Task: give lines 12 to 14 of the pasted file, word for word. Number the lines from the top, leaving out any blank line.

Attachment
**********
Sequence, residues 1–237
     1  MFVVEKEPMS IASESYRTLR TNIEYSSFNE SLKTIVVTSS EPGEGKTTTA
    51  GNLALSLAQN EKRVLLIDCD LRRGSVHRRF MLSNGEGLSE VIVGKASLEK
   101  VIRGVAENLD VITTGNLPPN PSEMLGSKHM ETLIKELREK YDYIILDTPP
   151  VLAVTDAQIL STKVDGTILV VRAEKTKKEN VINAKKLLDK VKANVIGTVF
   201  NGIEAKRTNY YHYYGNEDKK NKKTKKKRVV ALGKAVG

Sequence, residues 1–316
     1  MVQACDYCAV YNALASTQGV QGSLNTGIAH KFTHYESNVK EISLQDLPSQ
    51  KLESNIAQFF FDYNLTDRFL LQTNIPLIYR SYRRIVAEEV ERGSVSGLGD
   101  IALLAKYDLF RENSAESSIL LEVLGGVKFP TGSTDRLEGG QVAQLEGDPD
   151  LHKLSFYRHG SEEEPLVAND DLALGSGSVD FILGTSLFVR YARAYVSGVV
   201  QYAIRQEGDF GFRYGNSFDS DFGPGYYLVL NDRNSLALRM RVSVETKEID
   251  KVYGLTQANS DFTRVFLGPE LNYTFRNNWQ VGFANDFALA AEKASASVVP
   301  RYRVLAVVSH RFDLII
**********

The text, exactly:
   201  QYAIRQEGDF GFRYGNSFDS DFGPGYYLVL NDRNSLALRM RVSVETKEID
   251  KVYGLTQANS DFTRVFLGPE LNYTFRNNWQ VGFANDFALA AEKASASVVP
   301  RYRVLAVVSH RFDLII